Ask Dan: I want to talk to you about ducts.Date: 23 June 2007 Last modified 03-Dec-2011.
Yes, ducts like this work, though I've got to say $AU22 delivered (Aus PC Market's price - Australian shoppers can click here to order) for a piece of foam-lined plastic is a bit rich for my blood.
Still, it's cheaper than a Lian Li PC-S80, which has a similar duct as standard equipment.
My sound meter wouldn't tell us much, though, because it's impossible to quantify exactly how well one of these things is going to work in a real-world situation. There are too many variables involved.
If you've got an ordinary sort of tower PC with only the power supply as an exhaust fan and maybe one or two fans sucking air in at the front, a large slice of the noise it produces really will be coming out of the PSU grille. That noise shoots straight out of the back of the computer, and then usually encounters a wall and reflects with very little loss out into the room where you can hear it.
A duct that just turns the exhaust air around so it blows down towards the floor will make a significant difference to the noise level if, and only if, the floor is carpeted or similarly softened. If the duct's lined with foam then that'll help a little, but not a huge amount, unless the duct turns another corner or two before it lets the air out.
If you're interested in this idea, then before you spend any money on a commercial product you should try lashing up some hideous arrangement of tape, cardboard and packing foam that does much the same thing. You may well find the jury-rigged version works just fine, especially if it's under your desk where nobody can see it. It may well work better than a pre-built duct, if your computer's got more than one exhaust fan - every noise exit needs to feed into the duct, or it won't achieve a lot.
Other low-dollar passive computer quietening options include:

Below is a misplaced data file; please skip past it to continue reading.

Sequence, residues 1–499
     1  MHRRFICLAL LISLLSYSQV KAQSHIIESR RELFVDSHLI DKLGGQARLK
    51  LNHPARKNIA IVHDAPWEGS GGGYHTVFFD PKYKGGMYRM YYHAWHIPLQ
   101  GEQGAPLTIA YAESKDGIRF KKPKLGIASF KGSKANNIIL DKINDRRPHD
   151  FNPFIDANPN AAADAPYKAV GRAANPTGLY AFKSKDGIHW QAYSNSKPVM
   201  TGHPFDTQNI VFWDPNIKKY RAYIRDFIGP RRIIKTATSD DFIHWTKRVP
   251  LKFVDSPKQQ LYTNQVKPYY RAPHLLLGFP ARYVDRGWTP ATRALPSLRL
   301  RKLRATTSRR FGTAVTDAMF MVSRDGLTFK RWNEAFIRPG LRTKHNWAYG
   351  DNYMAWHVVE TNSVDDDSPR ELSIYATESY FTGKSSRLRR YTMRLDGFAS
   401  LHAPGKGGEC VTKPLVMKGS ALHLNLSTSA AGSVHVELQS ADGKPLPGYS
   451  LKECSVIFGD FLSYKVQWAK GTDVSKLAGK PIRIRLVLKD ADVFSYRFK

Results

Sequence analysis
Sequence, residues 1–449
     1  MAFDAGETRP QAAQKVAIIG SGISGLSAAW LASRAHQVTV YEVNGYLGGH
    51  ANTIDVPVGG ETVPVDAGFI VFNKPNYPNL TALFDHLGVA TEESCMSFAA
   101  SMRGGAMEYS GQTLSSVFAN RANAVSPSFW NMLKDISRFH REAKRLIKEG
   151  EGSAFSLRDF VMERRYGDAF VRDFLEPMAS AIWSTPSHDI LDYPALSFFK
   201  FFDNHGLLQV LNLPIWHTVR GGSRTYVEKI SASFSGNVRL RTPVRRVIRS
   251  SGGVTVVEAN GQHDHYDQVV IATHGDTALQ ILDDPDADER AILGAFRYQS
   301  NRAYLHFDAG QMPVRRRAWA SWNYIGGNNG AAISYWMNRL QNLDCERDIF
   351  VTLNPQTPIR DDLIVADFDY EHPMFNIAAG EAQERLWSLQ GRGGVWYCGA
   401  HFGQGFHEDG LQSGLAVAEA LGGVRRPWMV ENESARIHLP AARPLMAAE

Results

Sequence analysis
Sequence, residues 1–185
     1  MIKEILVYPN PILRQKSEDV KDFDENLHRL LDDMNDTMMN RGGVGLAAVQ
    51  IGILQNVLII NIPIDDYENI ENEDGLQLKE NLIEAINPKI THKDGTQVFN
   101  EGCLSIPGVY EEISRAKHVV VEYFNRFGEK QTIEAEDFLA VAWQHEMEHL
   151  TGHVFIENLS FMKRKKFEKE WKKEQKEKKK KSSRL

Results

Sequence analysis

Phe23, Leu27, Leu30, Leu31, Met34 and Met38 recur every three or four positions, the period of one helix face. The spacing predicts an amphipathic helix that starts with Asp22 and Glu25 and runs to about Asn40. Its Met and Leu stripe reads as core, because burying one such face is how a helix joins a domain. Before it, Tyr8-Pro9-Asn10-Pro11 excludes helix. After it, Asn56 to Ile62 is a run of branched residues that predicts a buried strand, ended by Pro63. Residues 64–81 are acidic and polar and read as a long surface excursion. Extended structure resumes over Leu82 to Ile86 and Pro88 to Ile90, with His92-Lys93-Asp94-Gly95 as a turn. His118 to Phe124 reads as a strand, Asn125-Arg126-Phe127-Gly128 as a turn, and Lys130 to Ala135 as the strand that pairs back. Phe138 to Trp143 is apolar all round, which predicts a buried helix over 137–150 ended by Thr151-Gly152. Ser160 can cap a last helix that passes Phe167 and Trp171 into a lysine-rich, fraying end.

Softening up hard surfaces around the computer with an old towel or a small rug or something.
Isolating the computer itself from the floor with something a bit squishy (a rubber car floor mat, say) so it transfers less vibration into the floorboards.
Increasing the mass of the computer's side panels so they vibrate less.
I'm not sure what cheap substances would work best for that last job. Clay would be fine for testing purposes; if it worked, you could try screwing a sheet of plywood onto the outside of each side panel. If you've got some old lead-sheet flashing sitting in the shed, you could attach it to the panels with double-sided tape (or a plethora of rare earth magnets, if the case is steel) and get a pleasingly steampunk look.
(A reader's now pointed out that you can get bituminous "asphalt" pads meant for silencing car body panels quite cheaply these days. Check with your local car stereo outfitters. Another reader's pointed out the existence of "barium-loaded vinyl" under various names, which is dense and nonresonant and flexible and not very expensive, if you can find someone who won't try to sell you a box of several 20 foot rolls for $US250.)
Back in the days when dot matrix printers roamed the land (and big offices often had something even louder), you used to be able to buy "printer hutches", which often looked rather like a giant breadbox. Big hinged lid, foam lining, quiet cooling fans.
Compact and portable a printer hutch, or modern recreation of one, is not. But a hutch for a 132-column printer could accommodate a modern mini-tower PC quite comfortably. Or as many as four babies.
Australian shoppers can buy the Silverstone Power Supply Acoustic Cover from Aus PC Market for $AU22
Click here to order!